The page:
I think a lot these days about Guyana, a place I fell in love with during an eight-day visit to the Iwokrama Forest some years ago. I took these pictures on the Essequibo River, near Fairview Village, an Indigenous community within the forest on a day when the river was low enough to see ancient petroglyphs and for some boys to play in the rapids, and from the top of Turtle Mountain, showing the seemingly never-ending “bush.”
After decades of being considered a dreary “backwater,” Guyana is undergoing a transformation in the eyes of the Caribbean and the world. Since the discovery of oil, Guyana has suddenly become an energy hub, a new “land of opportunity.” Recently, the country’s president, Dr. Mohammed Irfaan Ali spoke about another kind of wealth the country possesses as a “world leader in climate change ecosystems and biodiversity,” with “18.3 million hectares of standing forest,” at “an estimated value of US$500 billion.” I hope Guyana continues to value its rainforest as well as the new sources of wealth it is poised to enjoy.
Janine’s yellow brick road
In 2006, about six months after my father died, I took a trip to Dominica. A real Caribbean man, my Dad had either visited, lived or worked in most of the islands in the archipelago, but always spoke of the “nature island” with particular fondness. Though the approach was a little hair-raising (twin-prop aircraft, steep descent onto a probably-shorter-than-it-should-be runway with majestic mountains to the rear of the plane and an endless sea in front), I was immediately ensconced in the island. Its viridescence made me feel like Dorothy in the Emerald City; the more I discovered, the more I felt as if this magical place was the golden lining at the end of my yellow brick road of grief.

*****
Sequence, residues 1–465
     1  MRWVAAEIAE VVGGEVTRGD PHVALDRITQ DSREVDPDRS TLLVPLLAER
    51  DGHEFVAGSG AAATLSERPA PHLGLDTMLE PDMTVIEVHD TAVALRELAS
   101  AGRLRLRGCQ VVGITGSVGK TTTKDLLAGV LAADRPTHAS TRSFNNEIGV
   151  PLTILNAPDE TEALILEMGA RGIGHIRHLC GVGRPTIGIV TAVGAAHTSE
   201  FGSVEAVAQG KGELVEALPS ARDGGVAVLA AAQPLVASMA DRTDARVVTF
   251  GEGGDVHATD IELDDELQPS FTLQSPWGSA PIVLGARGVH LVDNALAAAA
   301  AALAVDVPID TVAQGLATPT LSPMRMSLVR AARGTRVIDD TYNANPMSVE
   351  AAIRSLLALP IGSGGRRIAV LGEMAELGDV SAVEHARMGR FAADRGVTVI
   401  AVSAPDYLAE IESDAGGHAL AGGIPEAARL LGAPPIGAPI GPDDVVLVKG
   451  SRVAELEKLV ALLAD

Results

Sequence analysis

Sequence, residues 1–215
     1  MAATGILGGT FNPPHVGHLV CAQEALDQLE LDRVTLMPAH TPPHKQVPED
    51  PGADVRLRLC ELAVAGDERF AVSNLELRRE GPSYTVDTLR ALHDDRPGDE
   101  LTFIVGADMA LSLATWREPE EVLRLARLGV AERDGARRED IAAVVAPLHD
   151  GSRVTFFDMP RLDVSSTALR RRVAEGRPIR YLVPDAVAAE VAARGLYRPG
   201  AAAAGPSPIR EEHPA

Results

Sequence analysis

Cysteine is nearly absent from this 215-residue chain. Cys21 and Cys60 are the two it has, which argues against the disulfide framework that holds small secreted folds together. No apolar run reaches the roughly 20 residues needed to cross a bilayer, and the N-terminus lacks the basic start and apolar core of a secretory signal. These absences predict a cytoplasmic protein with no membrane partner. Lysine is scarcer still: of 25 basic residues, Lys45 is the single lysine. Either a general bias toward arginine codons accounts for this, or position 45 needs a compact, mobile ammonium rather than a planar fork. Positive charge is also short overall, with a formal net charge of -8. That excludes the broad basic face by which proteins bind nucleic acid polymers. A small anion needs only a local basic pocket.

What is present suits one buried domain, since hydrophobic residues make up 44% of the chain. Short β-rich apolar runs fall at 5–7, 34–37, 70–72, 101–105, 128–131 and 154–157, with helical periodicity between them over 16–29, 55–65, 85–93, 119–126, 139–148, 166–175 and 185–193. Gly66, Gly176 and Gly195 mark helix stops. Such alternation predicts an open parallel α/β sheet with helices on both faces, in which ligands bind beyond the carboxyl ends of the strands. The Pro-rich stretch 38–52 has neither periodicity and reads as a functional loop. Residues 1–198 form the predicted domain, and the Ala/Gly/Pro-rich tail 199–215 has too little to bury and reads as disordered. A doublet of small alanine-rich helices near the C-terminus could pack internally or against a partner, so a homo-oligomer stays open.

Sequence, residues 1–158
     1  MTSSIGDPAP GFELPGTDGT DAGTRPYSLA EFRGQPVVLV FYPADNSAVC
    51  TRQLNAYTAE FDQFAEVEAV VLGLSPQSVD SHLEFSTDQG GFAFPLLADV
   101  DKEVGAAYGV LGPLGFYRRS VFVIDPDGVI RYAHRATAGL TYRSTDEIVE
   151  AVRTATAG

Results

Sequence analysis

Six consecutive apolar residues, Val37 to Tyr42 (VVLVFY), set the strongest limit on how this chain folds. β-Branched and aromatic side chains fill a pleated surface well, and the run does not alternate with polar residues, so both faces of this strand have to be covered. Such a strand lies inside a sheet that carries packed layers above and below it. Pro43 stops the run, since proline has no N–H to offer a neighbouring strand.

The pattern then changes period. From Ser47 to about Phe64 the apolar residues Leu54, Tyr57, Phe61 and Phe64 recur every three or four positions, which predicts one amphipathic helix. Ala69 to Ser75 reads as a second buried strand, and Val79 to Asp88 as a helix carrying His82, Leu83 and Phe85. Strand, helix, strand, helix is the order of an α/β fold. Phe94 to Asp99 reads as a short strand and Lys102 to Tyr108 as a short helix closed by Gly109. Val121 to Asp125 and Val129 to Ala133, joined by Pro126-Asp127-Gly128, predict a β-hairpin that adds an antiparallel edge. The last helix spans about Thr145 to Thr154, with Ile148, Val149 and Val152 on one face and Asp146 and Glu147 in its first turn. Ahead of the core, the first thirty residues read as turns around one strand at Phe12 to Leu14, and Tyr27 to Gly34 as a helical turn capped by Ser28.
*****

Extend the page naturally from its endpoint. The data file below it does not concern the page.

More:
The trip restored me; no matter where I went, there was nature, reminding me of the vastness of things, the impeccable timing of things, the resilience of things. The thunder of the breathtaking Trafalgar Falls made me feel small, yet the challenge of scaling the rocks to reach her pools paled in comparison to the sense of renewal I felt once I got there. Everywhere I turned, it was the same lesson: we are all connected, intertwined, mutually dependent. Whether breathing in the mountain air or swimming at Scott's Head, a famous whale-watching site, the earth and I were in a delightful dance of give and take.
But we humans have been doing too much taking and the imbalance is throwing everything off-kilter. When, in 2017, Hurricane Maria tore through Dominica, I — like the rest of the region — was heartbroken. Perhaps if we really began to see nature as mother, partner, supporter, protector; began to breathe her in like the life source she is, we'd finally see that we can't live without her. Then, perhaps, top carbon-emitting countries would begin to consider the effects their outputs are having on small, frontline nations like ours.
This Earth Day weekend, go out and experience the wonders of nature for yourself. Walk barefoot. Hike a trail. Follow the path of a river. Submerge yourself in saltwater. Be healed, and use that power in turn to make choices that heal our planet.
Zico’s north coast
Along the northern coast of Trinidad are many pristine beaches, inaccessible to the public by car. We see them as we drive through the mountains of the Northern Range on the way to popular spots like Maracas Bay.
Just the drive alone is part of the experience: windows down, breathing in fresh air as we gaze upon the beaches below, nameless to our knowledge, breathtaking to behold.
These beaches stand in stark contrast to the noisy, litter-strewn, commercialised spots where many settle for the day. They offer us a reminder that Mother Earth's healing is most potent in her purity. Just the sight of her glory can make the mind soar. Happy Earth Day!